Question received from David Richardson (Shipmate 005) – 6 September 2022
Dear Team, I have a trio of technical questions for the team: Firstly, is there an axe which is a particular favourite to use? Secondly, how do you sharpen and maintain the edges of the side axe – whetstone, leather strop with a cutting agent, or what? And Finally, is the side axe Right or Left handed – and why?
Response from Tim Kirk, Master Shipwright
It is generally accepted in the archaeological record that the shapes of axes did not change significantly between the Roman period and the 12th Century. Even today, the shapes of axe-heads are recognisable compared to the Anglo-Saxon and Viking eras.
A number of companies still produce these commercially – we have tended to use those produced by Granfors Bruk (as imported by Classic Hand Tools, and others).
We use felling axes (straight handle, ground both sides (double-ground, so non-handed)), forest axes (straight-handle, ‘double-ground’) and the Swedish Broad axe (both double- and single-ground (right-handed)).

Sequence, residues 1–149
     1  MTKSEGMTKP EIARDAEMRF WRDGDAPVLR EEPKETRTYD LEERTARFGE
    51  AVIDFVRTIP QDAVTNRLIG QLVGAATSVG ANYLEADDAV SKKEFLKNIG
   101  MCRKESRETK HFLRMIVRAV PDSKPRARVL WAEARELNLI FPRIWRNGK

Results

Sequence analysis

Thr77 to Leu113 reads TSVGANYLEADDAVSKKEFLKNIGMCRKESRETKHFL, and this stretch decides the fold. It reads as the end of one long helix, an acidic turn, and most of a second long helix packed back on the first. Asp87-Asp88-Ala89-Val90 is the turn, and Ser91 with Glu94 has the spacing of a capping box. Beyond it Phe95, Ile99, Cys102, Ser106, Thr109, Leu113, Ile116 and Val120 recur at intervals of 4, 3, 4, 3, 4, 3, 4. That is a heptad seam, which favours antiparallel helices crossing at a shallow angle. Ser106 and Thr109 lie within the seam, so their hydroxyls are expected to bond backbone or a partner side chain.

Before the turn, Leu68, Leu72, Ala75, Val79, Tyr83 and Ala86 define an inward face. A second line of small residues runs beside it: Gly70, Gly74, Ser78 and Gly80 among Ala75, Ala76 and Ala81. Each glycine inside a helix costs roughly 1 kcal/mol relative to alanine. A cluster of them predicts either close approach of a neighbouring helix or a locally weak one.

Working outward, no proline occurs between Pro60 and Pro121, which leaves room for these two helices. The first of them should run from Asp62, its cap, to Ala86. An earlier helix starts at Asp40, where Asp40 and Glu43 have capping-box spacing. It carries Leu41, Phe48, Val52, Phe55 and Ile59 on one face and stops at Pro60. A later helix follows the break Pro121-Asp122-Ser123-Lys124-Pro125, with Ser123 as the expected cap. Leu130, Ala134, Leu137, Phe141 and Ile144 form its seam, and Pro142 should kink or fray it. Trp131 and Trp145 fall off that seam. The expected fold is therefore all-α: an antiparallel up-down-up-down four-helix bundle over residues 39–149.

Tee-axes (finishing axes for taking off fine slivers of wood in order to put a final finish on a piece of timber) are bespoke and individually made for us by Alex Pole Ironworks. These have been excavated in English and continental contexts and can be seen in use on the Bayeux Tapestry – although this is some four centuries later than our period. These axes have a cranked handle to reduce the tendency to hit the knuckles on the work and we have examples of both left- and right-handed Tee Axes. Interestingly, in a general population of around ten per cent, boatbuilding seems to draw around thirty per cent of lefties – possibly due to right-side dominance in the brain being attributed to creativity and good hand/eye coordination. Left-handed individuals can learn to use a right-handed axe (and vice versa) and being able to do so gives the advantage of being able to work in both directions on the same plank.
To sharpen the axes we use a ceramic puck – also supplied by Classic Hand Tools – and just like a regular oil stone but circular and about 3” in diameter.
This is used (either with water or light oil) to grind the surface of the axe; if double-ground on both edges; if single ground, first to take any burr off the back of the edge and then on the bevelled edge. Each face is ground in three stages; first at the back of the (shiny) edge, then the middle and finally at the point. Each area has the puck passed over it in a continuous circular motion. The whole process (six stages) takes around twelve minutes and is required about twice a day.